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More twists ahead in fight over Macau's biggest corporate empire

Pansy Ho's move to bolster influence over casino company SJM to face challenges

SJM is the corporate successor to the old Macau casino monopoly Stanley Ho, 97, established in the 1960s centered on the Casino Lisboa.    © Reuters

HONG KONG -- Investors welcomed moves by Pansy Ho Chiu-king this week to reinforce her influence over the Macau casino empire built by her father, Stanley Ho Hung-sun. The power grab, however, could have consequences for SJM Holdings and other companies controlled by the aging tycoon's four families.

Pansy Ho's maneuvering is poised to upset the uneasy balance of interests among her father's 17 children and their mothers, especially SJM Managing Director Angela Leong On-kei, who is the company's second-largest shareholder and known as Stanley's fourth wife. Pansy and her kin hold leading positions at three of Macau's six casino operators, though the city has regulations intended to discourage executives from holding influential roles in competing concessionaires.

SJM is the corporate successor to the old Macau casino monopoly Stanley Ho, 97, established in the 1960s centered on the Casino Lisboa. While the company still operates more casinos than any of its five Macau competitors, SJM's market share and stock price have been tumbling in recent years as its rivals have invested billions of dollars to open sprawling gaming resorts in the city's Cotai district.

SJM's Hong Kong-listed shares have risen 12.9% since the disclosure on Wednesday evening of a new pact among four shareholders of Sociedade de Turismo e Diversoes de Macau, or STDM, SJM's majority shareholder: Pansy Ho, two family investment companies, and the foundation set up by one of Stanley Ho's original business partners, the late Henry Fok.

The agreement of the four parties to act together to exert control of STDM suggested clearer leadership could be emerging at SJM. Under the pact, the four shareholders agreed to join forces in future elections for the chair and other board roles at SJM, where Pansy does not have a formal position.

Since the formal retirement of Stanley Ho as SJM's chairman last year, the position has been divided among four successors: Leong, Henry Fok's son Timothy, Pansy's sister Daisy, and Ambrose So Shu-fai, the chief executive who was Stanley's longtime top lieutenant.

Vitaly Umansky, gaming analyst for Sanford C. Bernstein in Hong Kong, is a skeptic of the new shareholder pact. Calling SJM's price spike "not warranted," he wrote in a follow-up report that "the Byzantine corporate ownership and governance structure of SJM is not alleviated by this agreement."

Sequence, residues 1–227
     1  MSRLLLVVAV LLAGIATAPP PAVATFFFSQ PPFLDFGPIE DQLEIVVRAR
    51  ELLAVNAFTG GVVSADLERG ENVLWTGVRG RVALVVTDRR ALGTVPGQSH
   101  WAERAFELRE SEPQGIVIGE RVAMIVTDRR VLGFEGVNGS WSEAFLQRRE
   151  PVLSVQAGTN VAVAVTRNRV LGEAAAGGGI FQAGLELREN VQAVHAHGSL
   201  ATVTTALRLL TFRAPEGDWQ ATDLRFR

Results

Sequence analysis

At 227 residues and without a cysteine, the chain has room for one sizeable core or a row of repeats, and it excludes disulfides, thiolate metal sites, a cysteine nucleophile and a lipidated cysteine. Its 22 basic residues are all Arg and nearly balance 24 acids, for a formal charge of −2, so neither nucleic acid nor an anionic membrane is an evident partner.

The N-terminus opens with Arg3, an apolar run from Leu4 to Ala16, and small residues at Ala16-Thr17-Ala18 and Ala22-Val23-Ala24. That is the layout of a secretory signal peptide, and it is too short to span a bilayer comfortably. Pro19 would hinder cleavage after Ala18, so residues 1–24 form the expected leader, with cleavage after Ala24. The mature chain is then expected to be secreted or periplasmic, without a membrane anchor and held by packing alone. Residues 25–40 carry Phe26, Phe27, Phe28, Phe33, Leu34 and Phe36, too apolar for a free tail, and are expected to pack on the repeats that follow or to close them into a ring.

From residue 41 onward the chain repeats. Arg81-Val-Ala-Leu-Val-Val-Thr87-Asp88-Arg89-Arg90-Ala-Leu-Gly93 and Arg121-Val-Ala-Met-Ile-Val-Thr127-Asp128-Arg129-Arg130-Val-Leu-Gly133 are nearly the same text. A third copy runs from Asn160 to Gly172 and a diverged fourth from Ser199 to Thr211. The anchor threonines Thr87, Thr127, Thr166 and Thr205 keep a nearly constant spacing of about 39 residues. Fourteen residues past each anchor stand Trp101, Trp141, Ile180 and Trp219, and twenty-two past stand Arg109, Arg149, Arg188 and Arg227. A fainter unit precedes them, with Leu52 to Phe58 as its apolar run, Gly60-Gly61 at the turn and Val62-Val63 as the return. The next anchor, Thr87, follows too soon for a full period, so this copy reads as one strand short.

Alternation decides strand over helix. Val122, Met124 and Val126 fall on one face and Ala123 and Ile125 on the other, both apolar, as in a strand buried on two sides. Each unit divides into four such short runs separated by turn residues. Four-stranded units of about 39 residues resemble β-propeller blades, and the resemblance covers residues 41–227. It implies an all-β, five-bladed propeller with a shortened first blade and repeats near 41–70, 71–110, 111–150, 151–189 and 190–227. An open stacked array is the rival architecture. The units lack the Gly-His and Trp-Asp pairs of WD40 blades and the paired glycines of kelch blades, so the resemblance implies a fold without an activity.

While calling the pact "a clear challenge to the status quo," he said he would keep his "underperform" rating on SJM "until we see more clarity on the potential management change, and signs of operational turnaround."

One risk is that Pansy Ho's maneuvering could affect SJM's close links with Leong's own business interests. She and her son Arnaldo Ho are working on a project to develop the 5 billion Hong Kong dollar ($637.3 million) Lisboeta resort on a site adjacent to the HK$36 billion Grand Lisboa Palace project that SJM hopes to open in Cotai later this year.

"There will likely be a cost to SJM" to work out a new arrangement with Leong regarding the neighboring developments, Umansky said.

Aside from Leong, Pansy's plans for STDM may also be challenged by Michael Hotung, son of Stanley Ho's late sister Winnie Ho. According to local press reports, Hotung filed suit earlier this month against STDM, his uncle and other relatives, alleging they owed his mother's estate HK$2 billion for unpaid dividends on her STDM shareholdings, the latest in a long string of lawsuits between the siblings.

Another complication for SJM involves Pansy Ho's multiple roles. She is chairman and managing director of Shun Tak Holdings, which controls Macau's biggest ferry operator and a stake in STDM. She is also co-chairperson of casino operator MGM China Holdings, in which she personally holds a 22.5% stake.

"If Pansy Ho takes a more active role in SJM and exerts control, it may make her position at MGM China more difficult," Umansky said. "This could eventually lead to Pansy Ho seeking to divest her interest in MGM China."

While Shun Tak's shares have risen 7.3% since the STDM shareholding announcement, shares of MGM China have been weakening recently. In Umansky's view, the potential exit from MGM China could step up pressure for U.S. casino company MGM Resorts International to divest its controlling stake.

Umasnky noted that MGM Resorts has been under pressure from activist hedge funds and recently added activist investor Keith Meister, who helped lead a successful drive for KFC parent company Yum Brands to spin off its China business, to its board.

As Ho family members jockey for influence, SJM could continue to lose market share.

Daiwa analyst Andrew Chung, who initiated coverage of the company on Wednesday with an "outperform" rating, nevertheless forecast that its market share of Macau's gaming market will slip this year to 15% from 16.3% in 2017. SJM's government gaming concession is also set to expire in March 2020, but few observers see any risk that it will not be at least temporarily extended.

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